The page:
David Cameron has suggested Prime Minister Boris Johnson may have hired his own team of professional photographers in an attempt to “bypass the media”.
Speaking to Sky News presenter Adam Boulton for his new documentary Feral Beasts, the former Conservative prime minister said it is “important” for the country’s leaders to make themselves “always available” to the media.
In what could be seen as a dig at Mr Johnson, Mr Cameron added that he “never sought to avoid” the “important interviews” during his time in Number 10.
Boulton has a slightly different recollection, noting on Tuesday: “Mr Cameron embraced the control element of New Labour, not the openness.
“He avoided regular news conferences and cut back on interviews. He took a back seat in two referendums for which his premiership will be remembered, on Scottish independence and EU membership.”
As the UK officially left the EU at the beginning of 2020, Boris Johnson’s regime used its in-house media team to record a three-minute address to the nation. That video was instead of honouring the tradition of having speeches covered by an independent national broadcaster.
The clip, distributed by the PM’s official social media channels, was snubbed by several UK news broadcasters.
The prime minister’s video message on Tuesday announcing that no more coronavirus restrictions would be introduced in England ahead of Christmas was also distributed by Downing Street.
In February 2020, after Downing Street ordered selected journalists from some major UK news organisations to leave before a briefing on the prime minister’s Brexit plans, a walkout was staged by members of the media.
The same month, ministers did not join the regular morning interview slot on BBC Radio 4’s Today programme.
Adam Boulton: Boris Johnson hides from tough questions
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Put to him by Boulton that his request for an official Number 10 photographer was unsuccessful, but Mr Johnson now has a whole team, Mr Cameron said: “Well, Boris has always been able to get away with things that mere mortals can’t seem to.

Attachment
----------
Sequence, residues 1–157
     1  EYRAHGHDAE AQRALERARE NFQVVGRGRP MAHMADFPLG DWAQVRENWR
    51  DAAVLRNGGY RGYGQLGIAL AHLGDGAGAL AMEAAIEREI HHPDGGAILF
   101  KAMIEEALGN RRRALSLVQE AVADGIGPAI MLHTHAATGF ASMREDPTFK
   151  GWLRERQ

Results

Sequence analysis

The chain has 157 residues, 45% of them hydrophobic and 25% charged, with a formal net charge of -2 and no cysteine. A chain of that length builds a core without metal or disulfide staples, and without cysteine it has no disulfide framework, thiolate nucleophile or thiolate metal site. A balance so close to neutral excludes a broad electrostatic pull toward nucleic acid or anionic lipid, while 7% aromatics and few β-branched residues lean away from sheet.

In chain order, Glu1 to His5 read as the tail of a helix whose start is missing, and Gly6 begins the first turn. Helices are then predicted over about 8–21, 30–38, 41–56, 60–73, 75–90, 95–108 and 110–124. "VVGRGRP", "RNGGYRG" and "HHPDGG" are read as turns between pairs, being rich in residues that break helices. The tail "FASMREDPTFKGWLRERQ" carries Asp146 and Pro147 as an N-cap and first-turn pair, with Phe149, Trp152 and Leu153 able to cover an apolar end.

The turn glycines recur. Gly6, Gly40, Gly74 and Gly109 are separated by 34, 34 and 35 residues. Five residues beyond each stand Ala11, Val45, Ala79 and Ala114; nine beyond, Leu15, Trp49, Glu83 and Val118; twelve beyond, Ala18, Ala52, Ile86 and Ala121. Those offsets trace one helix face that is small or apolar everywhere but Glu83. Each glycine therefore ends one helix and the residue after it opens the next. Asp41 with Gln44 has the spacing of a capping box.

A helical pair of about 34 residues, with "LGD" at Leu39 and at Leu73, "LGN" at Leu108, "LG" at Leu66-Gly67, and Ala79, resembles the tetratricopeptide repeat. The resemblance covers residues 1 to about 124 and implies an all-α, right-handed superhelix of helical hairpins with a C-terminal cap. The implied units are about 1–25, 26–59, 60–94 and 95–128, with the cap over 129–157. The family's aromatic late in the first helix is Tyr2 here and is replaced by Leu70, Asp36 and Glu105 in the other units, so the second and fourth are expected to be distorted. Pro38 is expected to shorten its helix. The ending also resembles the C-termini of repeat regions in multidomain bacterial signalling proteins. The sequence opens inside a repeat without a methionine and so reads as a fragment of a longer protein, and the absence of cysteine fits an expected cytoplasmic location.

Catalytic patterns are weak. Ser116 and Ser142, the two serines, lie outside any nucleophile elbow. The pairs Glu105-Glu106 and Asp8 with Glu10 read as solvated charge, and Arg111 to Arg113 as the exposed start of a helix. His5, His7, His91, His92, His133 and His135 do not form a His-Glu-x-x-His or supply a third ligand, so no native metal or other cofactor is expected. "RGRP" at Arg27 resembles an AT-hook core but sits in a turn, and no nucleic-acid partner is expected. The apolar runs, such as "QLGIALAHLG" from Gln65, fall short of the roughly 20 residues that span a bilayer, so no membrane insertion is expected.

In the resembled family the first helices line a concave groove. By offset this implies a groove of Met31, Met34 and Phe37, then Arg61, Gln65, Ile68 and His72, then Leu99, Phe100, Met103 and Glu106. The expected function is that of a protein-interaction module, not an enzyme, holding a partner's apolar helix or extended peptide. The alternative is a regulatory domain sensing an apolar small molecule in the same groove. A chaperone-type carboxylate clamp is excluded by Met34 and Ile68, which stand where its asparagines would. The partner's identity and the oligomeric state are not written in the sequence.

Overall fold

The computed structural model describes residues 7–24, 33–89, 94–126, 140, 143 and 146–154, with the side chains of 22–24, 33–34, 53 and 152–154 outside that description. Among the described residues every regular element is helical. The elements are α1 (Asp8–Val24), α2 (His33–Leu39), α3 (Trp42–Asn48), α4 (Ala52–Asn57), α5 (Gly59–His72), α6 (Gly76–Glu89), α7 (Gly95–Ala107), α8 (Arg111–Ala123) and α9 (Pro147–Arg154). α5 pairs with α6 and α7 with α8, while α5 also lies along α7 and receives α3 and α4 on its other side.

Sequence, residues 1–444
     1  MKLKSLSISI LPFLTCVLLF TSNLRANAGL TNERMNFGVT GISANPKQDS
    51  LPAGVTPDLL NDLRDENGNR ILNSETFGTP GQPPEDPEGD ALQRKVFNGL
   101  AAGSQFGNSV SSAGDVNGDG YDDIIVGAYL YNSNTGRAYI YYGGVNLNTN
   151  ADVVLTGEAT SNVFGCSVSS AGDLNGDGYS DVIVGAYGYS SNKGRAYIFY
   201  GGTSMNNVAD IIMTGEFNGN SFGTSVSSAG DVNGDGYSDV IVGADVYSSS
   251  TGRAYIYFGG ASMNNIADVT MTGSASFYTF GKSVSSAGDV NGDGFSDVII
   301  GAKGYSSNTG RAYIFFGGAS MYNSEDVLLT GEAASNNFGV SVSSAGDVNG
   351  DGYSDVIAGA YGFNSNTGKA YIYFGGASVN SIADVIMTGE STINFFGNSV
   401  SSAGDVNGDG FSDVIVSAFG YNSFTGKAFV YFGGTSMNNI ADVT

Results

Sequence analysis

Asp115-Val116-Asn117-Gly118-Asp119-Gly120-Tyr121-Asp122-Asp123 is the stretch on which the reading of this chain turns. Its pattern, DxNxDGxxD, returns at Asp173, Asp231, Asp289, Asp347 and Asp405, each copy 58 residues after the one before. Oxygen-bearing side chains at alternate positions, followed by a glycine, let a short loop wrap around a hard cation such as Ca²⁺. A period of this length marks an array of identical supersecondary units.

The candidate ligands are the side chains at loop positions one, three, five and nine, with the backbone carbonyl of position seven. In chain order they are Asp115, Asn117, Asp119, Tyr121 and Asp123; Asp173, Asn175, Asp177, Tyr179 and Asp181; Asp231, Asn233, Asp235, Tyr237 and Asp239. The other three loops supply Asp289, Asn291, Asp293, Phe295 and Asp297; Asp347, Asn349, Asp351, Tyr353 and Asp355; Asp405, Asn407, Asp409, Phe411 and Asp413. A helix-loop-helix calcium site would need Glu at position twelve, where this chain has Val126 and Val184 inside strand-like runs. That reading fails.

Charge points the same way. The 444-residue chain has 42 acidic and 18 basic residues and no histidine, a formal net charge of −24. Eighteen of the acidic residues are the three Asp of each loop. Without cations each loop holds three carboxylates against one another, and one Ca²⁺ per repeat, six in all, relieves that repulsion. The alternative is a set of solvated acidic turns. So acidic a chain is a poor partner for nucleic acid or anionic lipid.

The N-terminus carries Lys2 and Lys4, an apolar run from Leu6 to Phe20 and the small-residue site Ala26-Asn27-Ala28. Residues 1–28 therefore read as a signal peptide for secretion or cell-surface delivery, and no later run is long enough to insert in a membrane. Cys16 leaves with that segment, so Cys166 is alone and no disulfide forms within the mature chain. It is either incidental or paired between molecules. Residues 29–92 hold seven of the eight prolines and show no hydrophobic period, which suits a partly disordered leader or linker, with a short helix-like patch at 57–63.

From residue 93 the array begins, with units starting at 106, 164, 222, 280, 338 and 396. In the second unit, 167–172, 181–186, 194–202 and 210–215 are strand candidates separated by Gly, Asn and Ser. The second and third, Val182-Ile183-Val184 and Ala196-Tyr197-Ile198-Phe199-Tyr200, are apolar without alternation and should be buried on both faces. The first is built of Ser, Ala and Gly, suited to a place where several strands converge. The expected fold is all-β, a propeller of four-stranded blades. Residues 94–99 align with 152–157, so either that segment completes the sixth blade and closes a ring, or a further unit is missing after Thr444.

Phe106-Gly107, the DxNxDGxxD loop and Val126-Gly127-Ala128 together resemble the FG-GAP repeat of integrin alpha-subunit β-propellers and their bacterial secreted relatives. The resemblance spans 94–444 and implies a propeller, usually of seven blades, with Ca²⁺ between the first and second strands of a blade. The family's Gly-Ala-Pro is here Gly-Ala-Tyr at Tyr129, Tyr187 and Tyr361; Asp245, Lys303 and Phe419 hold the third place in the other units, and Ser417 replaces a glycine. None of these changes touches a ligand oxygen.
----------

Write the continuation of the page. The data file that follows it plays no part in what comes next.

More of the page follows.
“But, look, I think you shouldn’t do this to bypass the media. You go on having… whether it is press conferences or interviews or media events – this is important.
“And I always did. Yes, the press conferences were rather infrequent, but I never held back from going on the Today programme and coming on your show (All Out Politics).
“I mean, we were always available and keen to engage and to answer questions.”
Mr Cameron added that “the media in that way has an incredibly important role”.
Asked if the prime minister should always be available to the media, Mr Cameron replied: “Yes – look, not every day because you have got a country to run.
“But I think, you know, the important interviews – whether it is the BBC Sunday morning programme or the Today programme or Sky News, TV debates – these are important, and I never sought to avoid them.”
“I think there has been a bit of an arms race in a way,” Mr Cameron said.
“Politicians have tooled up with special advisers and the spin doctors, and the media have tooled up by even more aggressive gotcha interviews to get that magic moment.
“I think we have got to try and have a relationship still distant and confrontational by moments – but understanding that you have got legitimate questions, but we have also got a responsibility to explain what we are doing.
“And can we try and find a bit of space for those things to coexist.”
Feral Beasts: Prime Ministers and the Media will be shown on Sky News on Thursday at 3pm and 9pm.
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